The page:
The Cardinals could be the best thing that happened to Ryan Adams. Before they came along, Adams output was in a full-on tailspin. With the hollow indie rock of Rock N Roll and the underwhelming trudge of Love Is Hell it sounded like Adams had lost the thread. But the Cardinals came along and worked with him back towards the right path with the big So Cal jam of Cold Roses and the whiskey-soaked Jacksonville City Nights. In the Cardinals, Adams has the best kind of backing band: a talented and polished group of collaborators that appear to encourage his prolific output while helping him keep his focus from song to song.
Sometimes, of course, the focus becomes too clean, too cold, and parts of their last album, Easy Tiger, felt that way. Despite standouts like “Two” and “Everybody Knows”, the album was overly slick and a little tame, no pun intended. Without the big sound of Cold Roses, or the loose shuffle of Jacksonville City Nights, Adams and the band sounded a little lost treading poppier waters. But Cardinology shows them settling into that sound a little better.
Overall, the album is still polished to a shine, but when its working it clings to a dust that has always coated the best of Adams output. On lead single “Fix It”, Adams lets his voice strain and crack ever so slightly at moments, and the palm-muted dark guitar riffs in the verses are bumpy roads to the smooth pining of the chorus. “Go Easy” has the Cardinals flexing just enough muscle behind Adams, who battles himself, going quickly from strident shout to honeyed whisper in the same couplet. On “Born in the Light”, the band takes a decidedly more stripped-down approach, bolstering the track with little more than a simple beat and some lilting pedal steel. It’s a song that excludes the over-orchestration of Easy Tiger and is better for it.
But those are the obvious moments where Adams and the Cardinals gel, where they make songs that are solid but not stand outs. The quiet sounds here are what really steal the show. The backing vocals and harmonies are great wherever they pop up on Cardinology. Many of the songs sound like Adams is leading a drunken, swaying chorus of sad cowboys. And the final three songs show the band’s most subtle and effective instrumental contributions. Haunting drones of guitar notes buried deep in “Evergreen” turn the song from simple folk ditty to bittersweet and well-textured ballad. The slew of guitars on the equally affecting “Like Yesterday” don’t attack with their riffs so much as hit and glide like so many rivulets of rain water on a window. And the closer “Stop”, mostly just Adams and a piano, uses a light touch of strings that don’t feel saccharin in their restraint and always give way to a pedal steel that is so enmeshed in the piano line they could both be coming from the same instrument.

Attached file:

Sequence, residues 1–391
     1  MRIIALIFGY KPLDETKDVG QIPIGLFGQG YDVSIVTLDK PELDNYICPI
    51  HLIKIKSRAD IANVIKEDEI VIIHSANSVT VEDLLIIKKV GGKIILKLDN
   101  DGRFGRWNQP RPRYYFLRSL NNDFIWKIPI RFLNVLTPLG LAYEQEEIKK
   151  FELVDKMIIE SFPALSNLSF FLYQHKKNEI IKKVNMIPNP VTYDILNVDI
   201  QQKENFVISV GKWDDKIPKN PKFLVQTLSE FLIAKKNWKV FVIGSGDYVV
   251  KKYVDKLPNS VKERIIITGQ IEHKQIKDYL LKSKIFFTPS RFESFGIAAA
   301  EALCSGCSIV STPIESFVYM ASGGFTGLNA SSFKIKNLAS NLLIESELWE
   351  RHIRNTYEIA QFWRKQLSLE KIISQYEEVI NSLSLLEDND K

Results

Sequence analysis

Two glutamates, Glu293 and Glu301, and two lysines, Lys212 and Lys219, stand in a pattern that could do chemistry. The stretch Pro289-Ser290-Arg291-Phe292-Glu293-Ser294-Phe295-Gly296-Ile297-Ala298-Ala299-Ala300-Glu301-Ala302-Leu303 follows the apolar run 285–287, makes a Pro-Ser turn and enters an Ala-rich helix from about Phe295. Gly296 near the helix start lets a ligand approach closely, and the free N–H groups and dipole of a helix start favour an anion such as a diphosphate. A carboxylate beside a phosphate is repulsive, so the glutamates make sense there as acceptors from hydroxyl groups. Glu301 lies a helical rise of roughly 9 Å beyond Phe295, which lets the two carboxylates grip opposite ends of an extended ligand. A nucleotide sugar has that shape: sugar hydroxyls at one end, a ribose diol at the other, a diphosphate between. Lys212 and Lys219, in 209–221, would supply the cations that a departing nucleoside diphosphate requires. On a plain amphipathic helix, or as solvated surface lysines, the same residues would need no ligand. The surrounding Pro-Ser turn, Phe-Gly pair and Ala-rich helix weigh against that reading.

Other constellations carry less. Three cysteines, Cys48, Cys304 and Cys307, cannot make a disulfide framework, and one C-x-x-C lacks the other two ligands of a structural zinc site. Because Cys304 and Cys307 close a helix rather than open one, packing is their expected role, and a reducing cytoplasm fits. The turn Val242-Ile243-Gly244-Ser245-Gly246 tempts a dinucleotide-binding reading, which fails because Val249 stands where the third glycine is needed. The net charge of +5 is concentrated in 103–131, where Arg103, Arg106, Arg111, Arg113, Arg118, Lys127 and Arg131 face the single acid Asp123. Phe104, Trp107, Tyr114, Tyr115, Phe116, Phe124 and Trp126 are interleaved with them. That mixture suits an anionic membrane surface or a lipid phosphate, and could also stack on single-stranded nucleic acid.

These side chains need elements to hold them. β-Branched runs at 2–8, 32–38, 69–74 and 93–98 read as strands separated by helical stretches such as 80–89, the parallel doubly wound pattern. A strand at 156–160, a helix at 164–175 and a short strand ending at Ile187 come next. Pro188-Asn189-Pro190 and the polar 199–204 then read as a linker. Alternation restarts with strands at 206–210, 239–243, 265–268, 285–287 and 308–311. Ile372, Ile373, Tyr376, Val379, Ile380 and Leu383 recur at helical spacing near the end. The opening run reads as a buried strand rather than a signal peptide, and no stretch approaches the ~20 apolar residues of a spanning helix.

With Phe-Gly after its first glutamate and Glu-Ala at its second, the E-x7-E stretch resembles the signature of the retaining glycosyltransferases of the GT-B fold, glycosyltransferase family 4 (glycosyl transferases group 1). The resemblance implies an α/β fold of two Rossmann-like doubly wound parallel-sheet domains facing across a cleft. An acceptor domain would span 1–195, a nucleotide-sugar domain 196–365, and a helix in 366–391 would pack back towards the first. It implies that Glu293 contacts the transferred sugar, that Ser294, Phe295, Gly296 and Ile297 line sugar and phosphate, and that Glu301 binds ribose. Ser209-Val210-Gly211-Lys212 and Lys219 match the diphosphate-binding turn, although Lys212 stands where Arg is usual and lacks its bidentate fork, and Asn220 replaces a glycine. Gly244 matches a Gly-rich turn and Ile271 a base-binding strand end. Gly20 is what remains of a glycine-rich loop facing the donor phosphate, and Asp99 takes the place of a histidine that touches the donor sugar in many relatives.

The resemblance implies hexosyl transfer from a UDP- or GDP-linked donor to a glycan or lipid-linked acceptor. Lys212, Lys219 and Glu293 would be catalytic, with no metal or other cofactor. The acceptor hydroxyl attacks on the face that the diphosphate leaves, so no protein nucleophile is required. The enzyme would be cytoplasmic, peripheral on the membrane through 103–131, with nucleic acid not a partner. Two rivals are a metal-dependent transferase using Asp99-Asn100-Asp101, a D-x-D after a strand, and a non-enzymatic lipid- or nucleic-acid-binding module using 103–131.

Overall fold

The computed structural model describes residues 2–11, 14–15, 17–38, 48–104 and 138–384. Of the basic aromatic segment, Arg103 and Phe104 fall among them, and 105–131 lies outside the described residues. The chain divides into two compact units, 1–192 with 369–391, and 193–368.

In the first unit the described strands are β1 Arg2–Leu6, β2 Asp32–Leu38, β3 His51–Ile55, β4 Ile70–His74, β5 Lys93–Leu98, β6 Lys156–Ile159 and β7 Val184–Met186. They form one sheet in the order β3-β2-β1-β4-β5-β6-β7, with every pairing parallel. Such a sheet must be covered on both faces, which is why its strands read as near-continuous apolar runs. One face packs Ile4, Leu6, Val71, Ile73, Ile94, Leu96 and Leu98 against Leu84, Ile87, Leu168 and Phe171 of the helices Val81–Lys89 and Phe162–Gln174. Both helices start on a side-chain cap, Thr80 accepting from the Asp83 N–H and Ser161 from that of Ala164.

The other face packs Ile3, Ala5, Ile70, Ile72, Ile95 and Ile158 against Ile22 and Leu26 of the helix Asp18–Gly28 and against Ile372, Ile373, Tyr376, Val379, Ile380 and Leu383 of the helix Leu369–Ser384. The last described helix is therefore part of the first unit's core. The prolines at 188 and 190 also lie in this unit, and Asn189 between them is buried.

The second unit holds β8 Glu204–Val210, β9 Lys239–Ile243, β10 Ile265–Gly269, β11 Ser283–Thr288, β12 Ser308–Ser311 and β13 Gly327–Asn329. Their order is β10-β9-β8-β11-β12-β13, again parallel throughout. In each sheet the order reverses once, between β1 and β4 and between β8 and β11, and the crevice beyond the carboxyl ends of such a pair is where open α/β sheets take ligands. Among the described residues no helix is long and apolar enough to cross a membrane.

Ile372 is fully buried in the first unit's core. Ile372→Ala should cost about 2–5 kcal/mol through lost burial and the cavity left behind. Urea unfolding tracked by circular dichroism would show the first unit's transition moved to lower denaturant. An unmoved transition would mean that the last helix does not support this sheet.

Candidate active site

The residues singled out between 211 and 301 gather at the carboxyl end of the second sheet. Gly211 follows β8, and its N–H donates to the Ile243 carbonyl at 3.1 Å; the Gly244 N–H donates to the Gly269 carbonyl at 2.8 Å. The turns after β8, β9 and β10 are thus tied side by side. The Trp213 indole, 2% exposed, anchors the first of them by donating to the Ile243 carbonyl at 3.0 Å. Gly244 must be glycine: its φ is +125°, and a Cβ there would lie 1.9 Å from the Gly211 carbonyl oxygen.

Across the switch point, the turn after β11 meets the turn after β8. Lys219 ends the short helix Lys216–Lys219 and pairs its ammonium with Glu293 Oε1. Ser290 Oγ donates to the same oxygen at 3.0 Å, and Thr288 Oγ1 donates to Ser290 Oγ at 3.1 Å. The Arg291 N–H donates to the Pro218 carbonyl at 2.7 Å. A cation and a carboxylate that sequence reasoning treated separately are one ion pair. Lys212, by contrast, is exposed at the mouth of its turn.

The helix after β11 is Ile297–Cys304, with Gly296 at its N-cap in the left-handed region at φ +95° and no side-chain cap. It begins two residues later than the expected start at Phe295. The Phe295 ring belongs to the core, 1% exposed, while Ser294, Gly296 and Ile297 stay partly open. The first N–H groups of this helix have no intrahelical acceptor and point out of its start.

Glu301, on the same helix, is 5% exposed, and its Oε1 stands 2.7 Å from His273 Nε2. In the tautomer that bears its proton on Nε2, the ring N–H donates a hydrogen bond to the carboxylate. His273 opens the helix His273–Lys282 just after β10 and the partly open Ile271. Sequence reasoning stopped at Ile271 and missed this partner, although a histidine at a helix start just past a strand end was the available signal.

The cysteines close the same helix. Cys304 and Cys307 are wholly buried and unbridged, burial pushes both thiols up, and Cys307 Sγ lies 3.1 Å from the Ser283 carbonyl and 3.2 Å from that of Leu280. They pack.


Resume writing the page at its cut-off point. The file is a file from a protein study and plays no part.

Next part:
It’s moments like those that will make you think Adams is capable of another classic, that might make you go revisit the underappreciated 29 with a closer ear. But there are other moments on Cardinology that bring us back to earth, that remind us there is still a self-indugent goofball streak in Adams. The empty pop-rock of “Magick”—which is all about turning the radio up and dancing, with verses full of inexplicable and extended weapon metaphors—fails in just about every way. “Sink Ships” is similarly undone by Adams’ overuse of the weak image of a job application. And “Natural Ghost” aims for country rambling, maybe, but hits on mindless wandering.
Those songs are out and out missteps, ones that keep Cardinology from being a great record, despite some very strong moments. But the songs that miss, those “Halloweenhead” moments, would have been much less forgivable back in 2004, when Adams sounded like a singer who’d lost his identity. But with the Cardinals, and on his own with 29, he’s done a lot of work to get back where he is. He’s still one of the great songwriters out there, and there’s still a great album in him. The best parts of Cardinology show that. He just needs to shake off those few last lingering bad habits.
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// Sound Affects
"The man whose songs were recorded by Johnny Cash, Alan Jackson, Ricky Skaggs, David Allan Coe, The Highwaymen, and countless others succumbs to time’s cruel cue that the only token of permanence we have to offer are the effects of shared moments and memories.READ the article